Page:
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Partly depends on the bearings. Sleeve bearing pedals don't really respond well to greasing and are designed to
last maybe 6-10k miles before the sleeves wear out. Pedals with loose balls and cones will respond to periodic
cleaning and re-greasing with longer lives and with the adjustability of the cones can last 10s of thousands of
miles. Sealed bearing pedals with plastic seals can be regreased with some minor difficulty or the bearings
replaced. Speedplay pedals have a small screw on the end of the plastic body which allows grease to be injected
periodically and treated well they can last well above 20k miles, two pairs of Frogs now ~25k each and doing
well IME.

Partly also depends on the construction of the pedals, some being more easily disassembled than others.
ie recent poster about Power Tap pedals with no obvious way to care for mechanically.
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Old 08-23-17, 12:59 PM
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I use shimano SPD pedals and regrease them about every 5k miles. I have only had to adjust the bearing preload a few times and I have the overpriced tool.
The axle and bearings come out as a unit. You clean out the old grease from the housing and pump new grease in it, reinstall the axle forcing out the old grease that in in the axle assembly.
I have friends with the MKS pedals and I remove the end cap and force grease through the pedal with my thumb until it comes out of the crank side clean.
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Old 08-23-17, 03:00 PM
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Originally Posted by SquidPuppet
I've found the same thing to be true even with high quality reputable brand pedals. MKS I'm looking at you. Way over tight and significantly under greased when brand new. And calling what MKS uses grease is being kind.
This has been my experience as well. I have used MKS "AR2-EZ" pedals on my folding commuter bikes for years. The first thing I noticed was that the inboard bearings (nearest the cranks) shipped a lot of water and salt (in the winter) and got rusty and crappy. I took them apart and resurfaced the inner races (on the spindles) by chucking them in a lathe and removing the rust and pitted steel with a Dremel green stone. The bearing balls get replaced as well. I've done this a number of times. The seals on these pedals are crap; they have a primitive labyrinth structure, but they do not seal. Eventually, I figured out that a mud flap large enough to prevent spray from hitting the seals allows me to go a year or more between overhauls. I probably should be using "marine" grease as well. At any rate, the pedals have just over 20,000 miles on them, so I can't complain too much. But they would be really *great* pedals if they had good seals.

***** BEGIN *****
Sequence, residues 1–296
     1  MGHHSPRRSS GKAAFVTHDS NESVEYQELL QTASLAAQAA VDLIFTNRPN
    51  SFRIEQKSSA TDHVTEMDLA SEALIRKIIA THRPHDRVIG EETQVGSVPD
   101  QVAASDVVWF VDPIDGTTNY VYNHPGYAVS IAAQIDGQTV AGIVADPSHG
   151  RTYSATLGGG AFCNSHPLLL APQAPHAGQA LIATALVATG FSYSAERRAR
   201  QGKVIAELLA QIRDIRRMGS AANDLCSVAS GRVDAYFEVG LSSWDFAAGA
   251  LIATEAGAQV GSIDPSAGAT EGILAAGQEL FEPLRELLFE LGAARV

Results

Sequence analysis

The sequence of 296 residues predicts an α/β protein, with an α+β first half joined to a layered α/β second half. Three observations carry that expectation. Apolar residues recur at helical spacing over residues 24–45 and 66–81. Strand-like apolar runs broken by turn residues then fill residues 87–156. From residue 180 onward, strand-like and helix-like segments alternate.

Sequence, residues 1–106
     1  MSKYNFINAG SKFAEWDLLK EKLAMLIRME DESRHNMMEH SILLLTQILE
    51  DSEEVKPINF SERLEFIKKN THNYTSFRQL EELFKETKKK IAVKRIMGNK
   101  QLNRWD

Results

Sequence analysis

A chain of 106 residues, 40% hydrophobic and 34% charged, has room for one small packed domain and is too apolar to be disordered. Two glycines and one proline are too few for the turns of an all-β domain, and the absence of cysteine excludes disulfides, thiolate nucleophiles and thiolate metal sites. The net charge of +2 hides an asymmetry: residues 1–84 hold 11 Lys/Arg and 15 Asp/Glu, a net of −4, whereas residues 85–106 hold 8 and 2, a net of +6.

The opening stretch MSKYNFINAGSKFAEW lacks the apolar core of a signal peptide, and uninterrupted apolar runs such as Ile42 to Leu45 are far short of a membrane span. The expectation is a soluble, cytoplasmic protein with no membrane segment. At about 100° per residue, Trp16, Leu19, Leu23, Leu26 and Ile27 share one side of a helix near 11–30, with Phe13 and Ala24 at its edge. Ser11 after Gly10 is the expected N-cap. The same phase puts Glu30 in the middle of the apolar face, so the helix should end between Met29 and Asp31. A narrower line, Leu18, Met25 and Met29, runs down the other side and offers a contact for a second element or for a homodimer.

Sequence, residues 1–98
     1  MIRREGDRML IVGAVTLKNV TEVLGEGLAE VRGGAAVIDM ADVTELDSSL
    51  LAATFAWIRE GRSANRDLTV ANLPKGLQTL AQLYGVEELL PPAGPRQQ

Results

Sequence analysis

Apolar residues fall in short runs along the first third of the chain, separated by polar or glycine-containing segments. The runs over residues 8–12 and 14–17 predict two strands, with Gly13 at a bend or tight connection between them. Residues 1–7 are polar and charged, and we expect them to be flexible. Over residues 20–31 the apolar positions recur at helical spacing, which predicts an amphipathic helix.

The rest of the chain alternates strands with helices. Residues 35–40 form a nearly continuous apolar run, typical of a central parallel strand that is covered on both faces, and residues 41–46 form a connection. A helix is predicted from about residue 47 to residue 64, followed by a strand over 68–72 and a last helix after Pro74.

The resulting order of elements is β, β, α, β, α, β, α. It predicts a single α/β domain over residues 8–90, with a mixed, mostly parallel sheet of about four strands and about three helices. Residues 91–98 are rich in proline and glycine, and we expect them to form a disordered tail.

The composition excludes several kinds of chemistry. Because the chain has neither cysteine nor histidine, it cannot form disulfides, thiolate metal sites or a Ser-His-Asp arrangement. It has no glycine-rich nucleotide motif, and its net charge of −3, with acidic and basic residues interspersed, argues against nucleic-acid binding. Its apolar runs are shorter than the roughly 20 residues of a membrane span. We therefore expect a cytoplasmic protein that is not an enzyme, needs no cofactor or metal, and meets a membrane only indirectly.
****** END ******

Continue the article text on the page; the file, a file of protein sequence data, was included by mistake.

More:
I did take apart a brand new set of these because the bearings felt tight, and found what looked like a layer of vaseline in the bearings. I repacked them with Park "Polylube 1000" and they're ready for use when I overhaul the old ones.

The bearings are easy to adjust once you get the end caps off (another nuisance... the caps are plastic and have to be pried out, which eventually destroys them). A "deep-well" 13mm socket will reach the adjustable cone with the washer and locknut in place. I've found that it's possible to balance tightening the locknut and *loosening* the cone (which has the effect of tightening it against the locknut) to get the play just right ("minimal").

I have a couple pairs of Shimano SPD pedals on other bikes. I ran my mountain bike through some deep water and submerged the pedals, so I took them apart to re-grease them. There was no water in them! As has been noted ^^ you don't have to disassemble these pedals to re-lube them; re-inserting the shaft with the bearings into the pedal body (previously filled with new grease) forces the grease through the bearings. I took them apart anyway, and they reassemble the same way as the MKS pretty much. Seals are *much* better though.
Steve
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Old 08-23-17, 10:20 PM
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I bought a pair of NC 17 because I had a gift certificate. So, after a lot of wet riding, I asked the manufacturer how to disassemble for a repack. As the plastic cap was a solid piece and would be damaged with removal. Their reply was; It's too difficult to re-assemble the pedal, so just take off the plastic cap and pack grease in there.
Right. I think I'll just buy a new set when these start to make noise